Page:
"We're just waiting for the announcement to find out if it's going to be
funded," she said of the Brockway project application.
Baker said another example of a project to be funded might be the stabilization of the dredge on Torch Lake, with an interpretive sign to let people know about the important role the dredge played in the history of copper mining here.
Local 3D computer artist Daniel Torkelson created this artistic rendering of Quincy Dredge #2 for presentation at the Fourth Biennial Lake Superior
Symposium at Michigan Technological University in May
2001. Before using the computer to create a 3-dimensional model of the dredge, he spent several hours
sketching and photographing the dredge and the surrounding area. He used snippets from the photos to create textures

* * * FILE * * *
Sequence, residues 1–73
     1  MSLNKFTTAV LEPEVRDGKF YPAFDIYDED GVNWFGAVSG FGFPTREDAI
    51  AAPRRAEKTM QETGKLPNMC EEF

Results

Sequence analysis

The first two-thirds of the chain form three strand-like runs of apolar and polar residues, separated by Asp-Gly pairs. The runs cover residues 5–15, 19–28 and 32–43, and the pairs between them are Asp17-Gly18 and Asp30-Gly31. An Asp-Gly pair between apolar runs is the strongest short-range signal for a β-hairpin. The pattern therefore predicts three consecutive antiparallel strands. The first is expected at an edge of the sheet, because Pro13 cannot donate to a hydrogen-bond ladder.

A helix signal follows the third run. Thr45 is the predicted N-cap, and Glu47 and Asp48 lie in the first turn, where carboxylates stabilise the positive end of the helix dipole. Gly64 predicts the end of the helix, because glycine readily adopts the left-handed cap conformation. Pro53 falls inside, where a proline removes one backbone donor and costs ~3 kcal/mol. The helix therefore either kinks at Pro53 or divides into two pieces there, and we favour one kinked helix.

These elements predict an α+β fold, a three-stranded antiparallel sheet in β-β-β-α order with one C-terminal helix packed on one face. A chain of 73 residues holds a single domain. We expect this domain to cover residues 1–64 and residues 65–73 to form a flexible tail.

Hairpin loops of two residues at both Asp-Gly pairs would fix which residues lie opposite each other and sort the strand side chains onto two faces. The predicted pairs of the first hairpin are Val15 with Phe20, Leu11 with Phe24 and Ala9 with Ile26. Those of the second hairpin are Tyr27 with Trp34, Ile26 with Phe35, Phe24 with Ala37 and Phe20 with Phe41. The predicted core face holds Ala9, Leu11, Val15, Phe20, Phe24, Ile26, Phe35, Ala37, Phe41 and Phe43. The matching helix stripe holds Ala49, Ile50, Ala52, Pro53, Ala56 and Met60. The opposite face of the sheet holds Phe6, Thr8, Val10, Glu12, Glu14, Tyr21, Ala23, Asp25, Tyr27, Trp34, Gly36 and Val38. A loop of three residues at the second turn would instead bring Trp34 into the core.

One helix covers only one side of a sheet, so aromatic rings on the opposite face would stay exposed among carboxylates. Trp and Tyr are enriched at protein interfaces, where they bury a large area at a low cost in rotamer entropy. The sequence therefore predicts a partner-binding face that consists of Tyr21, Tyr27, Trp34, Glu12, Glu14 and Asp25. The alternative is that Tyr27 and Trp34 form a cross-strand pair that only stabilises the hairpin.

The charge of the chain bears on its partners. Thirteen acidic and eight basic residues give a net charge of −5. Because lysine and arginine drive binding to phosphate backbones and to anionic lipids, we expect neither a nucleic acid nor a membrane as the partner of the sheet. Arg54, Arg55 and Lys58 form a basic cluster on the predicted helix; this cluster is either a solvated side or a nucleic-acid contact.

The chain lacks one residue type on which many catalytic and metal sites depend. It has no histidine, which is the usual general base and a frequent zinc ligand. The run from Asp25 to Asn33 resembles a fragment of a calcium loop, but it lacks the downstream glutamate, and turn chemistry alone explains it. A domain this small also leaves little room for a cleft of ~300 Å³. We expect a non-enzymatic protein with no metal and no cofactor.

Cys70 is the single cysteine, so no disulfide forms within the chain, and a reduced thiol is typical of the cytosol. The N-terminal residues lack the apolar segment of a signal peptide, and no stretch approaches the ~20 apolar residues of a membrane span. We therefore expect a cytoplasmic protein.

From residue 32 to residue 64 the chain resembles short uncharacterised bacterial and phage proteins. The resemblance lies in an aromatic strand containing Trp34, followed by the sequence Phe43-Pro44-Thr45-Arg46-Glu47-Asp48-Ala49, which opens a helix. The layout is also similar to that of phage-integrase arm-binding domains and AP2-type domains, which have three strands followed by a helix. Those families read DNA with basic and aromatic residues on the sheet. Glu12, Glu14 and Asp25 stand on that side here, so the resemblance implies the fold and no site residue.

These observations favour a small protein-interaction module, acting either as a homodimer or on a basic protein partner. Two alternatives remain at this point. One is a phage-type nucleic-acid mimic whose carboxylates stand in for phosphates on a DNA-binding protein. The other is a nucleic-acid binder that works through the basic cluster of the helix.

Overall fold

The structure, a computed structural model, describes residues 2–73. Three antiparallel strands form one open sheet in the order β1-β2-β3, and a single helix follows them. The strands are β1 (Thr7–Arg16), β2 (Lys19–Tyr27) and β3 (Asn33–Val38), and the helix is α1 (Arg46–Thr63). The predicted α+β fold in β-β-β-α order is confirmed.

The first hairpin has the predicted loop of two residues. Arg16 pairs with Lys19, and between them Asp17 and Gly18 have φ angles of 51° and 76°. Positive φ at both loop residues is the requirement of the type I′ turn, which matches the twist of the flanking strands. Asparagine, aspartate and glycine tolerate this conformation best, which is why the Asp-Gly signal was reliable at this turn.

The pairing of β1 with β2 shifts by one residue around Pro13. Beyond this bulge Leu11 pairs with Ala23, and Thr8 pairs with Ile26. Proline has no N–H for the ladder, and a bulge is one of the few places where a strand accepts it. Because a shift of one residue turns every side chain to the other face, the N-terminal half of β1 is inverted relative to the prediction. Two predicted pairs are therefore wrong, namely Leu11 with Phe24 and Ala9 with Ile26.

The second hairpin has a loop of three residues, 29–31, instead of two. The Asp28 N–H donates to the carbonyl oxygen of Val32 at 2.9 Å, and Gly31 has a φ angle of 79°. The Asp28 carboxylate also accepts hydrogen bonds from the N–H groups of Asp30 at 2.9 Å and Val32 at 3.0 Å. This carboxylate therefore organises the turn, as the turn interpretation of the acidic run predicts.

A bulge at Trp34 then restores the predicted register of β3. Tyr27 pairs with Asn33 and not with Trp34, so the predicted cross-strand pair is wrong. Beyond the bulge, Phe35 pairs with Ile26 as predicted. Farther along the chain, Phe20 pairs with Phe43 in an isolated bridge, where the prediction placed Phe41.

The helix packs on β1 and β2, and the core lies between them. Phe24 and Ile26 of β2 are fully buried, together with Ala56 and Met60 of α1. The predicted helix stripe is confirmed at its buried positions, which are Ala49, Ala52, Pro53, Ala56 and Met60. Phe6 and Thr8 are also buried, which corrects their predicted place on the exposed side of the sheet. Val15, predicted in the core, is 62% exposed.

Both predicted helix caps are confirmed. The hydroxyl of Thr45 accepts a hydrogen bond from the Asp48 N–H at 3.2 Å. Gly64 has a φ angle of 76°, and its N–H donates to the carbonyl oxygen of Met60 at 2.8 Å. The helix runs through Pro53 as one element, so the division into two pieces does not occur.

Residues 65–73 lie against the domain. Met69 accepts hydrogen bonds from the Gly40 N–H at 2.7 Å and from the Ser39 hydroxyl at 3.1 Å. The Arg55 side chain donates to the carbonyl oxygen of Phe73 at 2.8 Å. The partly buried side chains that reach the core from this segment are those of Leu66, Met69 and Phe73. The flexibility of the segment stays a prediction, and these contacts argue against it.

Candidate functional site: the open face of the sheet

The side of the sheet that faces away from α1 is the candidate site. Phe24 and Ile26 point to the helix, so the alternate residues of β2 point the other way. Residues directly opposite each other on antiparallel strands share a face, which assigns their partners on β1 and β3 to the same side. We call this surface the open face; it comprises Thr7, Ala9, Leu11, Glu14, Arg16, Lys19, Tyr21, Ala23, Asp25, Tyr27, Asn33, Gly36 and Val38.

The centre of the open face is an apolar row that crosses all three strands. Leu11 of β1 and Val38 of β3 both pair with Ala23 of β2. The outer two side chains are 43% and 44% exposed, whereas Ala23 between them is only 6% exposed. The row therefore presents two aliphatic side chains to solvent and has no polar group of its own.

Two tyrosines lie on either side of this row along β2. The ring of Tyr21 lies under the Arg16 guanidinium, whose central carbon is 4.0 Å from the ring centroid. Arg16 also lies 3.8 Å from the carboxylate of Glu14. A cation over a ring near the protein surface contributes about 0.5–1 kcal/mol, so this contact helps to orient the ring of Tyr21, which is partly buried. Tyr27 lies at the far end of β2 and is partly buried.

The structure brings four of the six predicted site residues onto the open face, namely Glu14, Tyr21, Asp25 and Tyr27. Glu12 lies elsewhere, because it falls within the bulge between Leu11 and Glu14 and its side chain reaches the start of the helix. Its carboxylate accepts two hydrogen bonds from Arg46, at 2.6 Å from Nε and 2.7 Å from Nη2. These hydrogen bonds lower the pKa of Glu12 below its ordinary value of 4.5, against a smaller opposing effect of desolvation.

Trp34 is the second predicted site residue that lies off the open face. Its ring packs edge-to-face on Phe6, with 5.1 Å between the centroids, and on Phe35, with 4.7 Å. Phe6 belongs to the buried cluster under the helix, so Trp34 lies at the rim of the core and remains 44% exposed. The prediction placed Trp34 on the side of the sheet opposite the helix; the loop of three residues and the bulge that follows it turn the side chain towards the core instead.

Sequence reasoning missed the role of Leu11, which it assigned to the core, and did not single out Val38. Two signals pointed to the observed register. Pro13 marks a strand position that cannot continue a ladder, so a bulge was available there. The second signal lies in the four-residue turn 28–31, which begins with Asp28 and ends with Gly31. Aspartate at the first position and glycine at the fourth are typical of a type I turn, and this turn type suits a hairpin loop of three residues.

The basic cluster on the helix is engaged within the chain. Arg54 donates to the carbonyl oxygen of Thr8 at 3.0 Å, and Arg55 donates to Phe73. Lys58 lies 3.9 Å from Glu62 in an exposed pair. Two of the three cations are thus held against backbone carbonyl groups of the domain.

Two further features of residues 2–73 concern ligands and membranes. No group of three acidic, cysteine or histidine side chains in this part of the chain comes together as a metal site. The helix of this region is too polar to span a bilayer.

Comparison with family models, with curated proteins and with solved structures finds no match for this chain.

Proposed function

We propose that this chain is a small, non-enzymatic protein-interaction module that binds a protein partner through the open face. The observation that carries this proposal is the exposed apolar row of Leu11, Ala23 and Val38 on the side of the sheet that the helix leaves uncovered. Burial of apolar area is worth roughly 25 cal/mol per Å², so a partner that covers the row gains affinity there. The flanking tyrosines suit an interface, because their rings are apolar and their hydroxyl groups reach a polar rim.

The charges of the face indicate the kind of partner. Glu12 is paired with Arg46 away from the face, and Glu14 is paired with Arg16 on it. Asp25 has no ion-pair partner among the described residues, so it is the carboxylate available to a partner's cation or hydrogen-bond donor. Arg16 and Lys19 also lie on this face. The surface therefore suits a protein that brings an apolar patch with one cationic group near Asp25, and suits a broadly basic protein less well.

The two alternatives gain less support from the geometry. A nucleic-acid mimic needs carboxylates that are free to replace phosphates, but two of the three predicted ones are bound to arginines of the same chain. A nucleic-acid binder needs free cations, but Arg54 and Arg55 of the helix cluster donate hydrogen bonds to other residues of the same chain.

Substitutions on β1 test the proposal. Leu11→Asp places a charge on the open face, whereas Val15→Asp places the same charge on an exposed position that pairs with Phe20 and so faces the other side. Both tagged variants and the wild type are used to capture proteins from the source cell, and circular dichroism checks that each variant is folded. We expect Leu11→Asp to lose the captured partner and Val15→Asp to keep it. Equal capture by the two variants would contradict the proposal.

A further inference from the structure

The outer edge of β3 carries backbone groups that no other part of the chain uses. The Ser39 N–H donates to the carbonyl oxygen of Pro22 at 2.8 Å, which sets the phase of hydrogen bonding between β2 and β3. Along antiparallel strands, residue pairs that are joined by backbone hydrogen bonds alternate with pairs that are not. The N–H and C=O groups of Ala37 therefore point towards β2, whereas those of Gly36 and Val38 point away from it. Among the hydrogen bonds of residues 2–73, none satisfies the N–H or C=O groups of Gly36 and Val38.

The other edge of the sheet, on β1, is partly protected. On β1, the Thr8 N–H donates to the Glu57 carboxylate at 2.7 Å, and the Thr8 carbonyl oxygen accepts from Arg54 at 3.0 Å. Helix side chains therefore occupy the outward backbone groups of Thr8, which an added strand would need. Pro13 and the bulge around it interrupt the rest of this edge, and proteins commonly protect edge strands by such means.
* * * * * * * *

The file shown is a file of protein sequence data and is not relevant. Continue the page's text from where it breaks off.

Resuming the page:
for the dredge's siding and for the gray stamp sands. Daniel is currently a sophomore at Knox College, where he is studying art and computer science.
(Photo © 2001 Daniel Torkelson)
Hauswirth noted multi-use trails might be eligible for funding under the
designation, depending on the Committee members' priorities.
Through the National Scenic Byways Program, the U.S. Department of
Transportation recognizes a collection of routes that are regionally and nationally significant for their archaeological, cultural, historical, natural, recreational and scenic qualities.
The Federal Highway Administration National Byways Program lists 96 routes, including Woodward Avenue, from the Detroit River in downtown Detroit to the City of Pontiac.
Part of the $25,000 seed grant will be used to fund the new Copper Country Trail Web site,
http://www.coppercountrytrail.org, now under construction. Other marketing plans include a brochure with maps, explaining sites of interest and day trips off the main byway.
For more information about the National Byways, visit www.byways.org.